The negative frequency adverbs (seldom, rarely, never, hardly ever, almost never, and never) as well as "always" are always placed before the main verb unless the verb is BE. (They are placed AFTER the verb "Be".) Their position is inflexible.
John is always late.
John is late always.
John always is late.
He never does it well.
He does it never well.
Never he does it well.
I seldom work hard.
I work hard seldom.
I work seldom hard.
Where can you put the adverb in this sentence? Indicate location with an "X."
I ask questions in that professor's class. (Never)
An impolite person interrupts others while they are speaking. (always)
Bad drivers signal when they are going to turn. (rarely)
It is cold in the spring in Miami. (seldom)
Answer the question using the adverb in parentheses.
1. Do you ever travel during your vacations?
2. Are your parents moving to New York?
3. Do you ever catch the flu in winter?
4. Do you ever enjoy traveling for business reasons.
Rewrite the sentence using the NEW adverb in parentheses.
I never celebrate Arbor Day. (not + ever)
Do you celebrate Arbor Day. (not + ever)
Do you celebrate Arbor Day. (ever)
Do you celebrate Thanksgiving in your country? (not + ever)
Does your professor call on your in class? (ever)
I go to the library after this class. (never)
I have vacations. (negative with "ever")
I have vacations. (rarely)
Frequency adverbs that mean the same as "sometimes" or "often" (usually, often, frequently, generally, sometimes, occasionally) are flexible in their position. In addition to the middle of the sentence (see the rules you learned above), they may also be at the beginning or the end of the sentence.
Generally elections are held in September.
Elections are generally held in September.
Elections are held in September generally .
These flexible adverbs of frequency are also flexible in negative sentences. They may go in front of the negative verb or after it.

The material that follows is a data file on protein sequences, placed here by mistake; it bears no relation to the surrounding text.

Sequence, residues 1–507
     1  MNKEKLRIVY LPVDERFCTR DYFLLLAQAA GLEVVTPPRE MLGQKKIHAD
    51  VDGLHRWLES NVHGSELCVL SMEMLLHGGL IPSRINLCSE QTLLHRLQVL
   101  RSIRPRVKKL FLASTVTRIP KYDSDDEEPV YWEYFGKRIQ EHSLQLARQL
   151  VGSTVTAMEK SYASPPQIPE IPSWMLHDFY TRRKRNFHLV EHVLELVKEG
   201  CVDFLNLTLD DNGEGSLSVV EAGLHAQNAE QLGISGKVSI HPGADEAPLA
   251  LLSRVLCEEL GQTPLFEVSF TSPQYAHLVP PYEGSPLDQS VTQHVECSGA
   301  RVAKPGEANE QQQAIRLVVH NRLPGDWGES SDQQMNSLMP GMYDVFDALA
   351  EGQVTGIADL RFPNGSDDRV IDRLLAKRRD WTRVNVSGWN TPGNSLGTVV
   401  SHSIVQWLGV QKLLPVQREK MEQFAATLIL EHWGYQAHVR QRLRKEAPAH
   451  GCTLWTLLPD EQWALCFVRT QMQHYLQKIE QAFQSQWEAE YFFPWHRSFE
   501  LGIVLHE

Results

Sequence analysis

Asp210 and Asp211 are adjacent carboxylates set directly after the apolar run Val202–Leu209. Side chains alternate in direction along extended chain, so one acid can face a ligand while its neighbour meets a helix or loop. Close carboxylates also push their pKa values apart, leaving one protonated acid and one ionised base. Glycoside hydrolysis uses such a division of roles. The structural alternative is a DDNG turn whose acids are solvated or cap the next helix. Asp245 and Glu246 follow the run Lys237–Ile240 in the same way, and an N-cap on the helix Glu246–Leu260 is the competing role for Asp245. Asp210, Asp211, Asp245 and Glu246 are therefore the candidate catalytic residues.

My husband usually doesn't feed the dogs early.
My husband doesn't usually feed the dogs early.
Put "X" in the sentence to indicate 4 possible locations for these adverbs.
He doesn't argue with his boss. (generally)
School begins after Labor Day. (usually)
The mail comes in the morning. (sometimes)
Unscramble these sentences.
I morning to listen news the in never the .
wears rarely Michelle to jeans class
you Don't ever wear to work suits ?
speaks never to Zach strangers.
travel summers usually abroad in They the .
eat low-fat frequently We yogurt dessert for .
The early comes almost always mail in the afternoon.
am Yes, frequently I .
never No, do I not.
am No, never not I .
Do ever take you to school the bus?
I to work ever with don't my go father.
believes She rarely what sees she television on .
Exercise 10: Triad activity
Instructions: Sit with two other students. Each of you picks one of the questions from below (it is OK to pick the same one). Interview each other and write the answers about your classmate as they talk about their activities. When you are finished, share your answers with another group of 3 students or with the class.
1. What are some of the things you always do, sometimes do, and never do on Friday nights?
2. What are some of the things you always do, sometimes do, and never do when you are on vacation?
3. What are some of the things you always do, sometimes do, and never do when you use the computers in the ESL labs?
Explanation and practice
Exams: Adverbs and Adverbs of Frequency (separate files)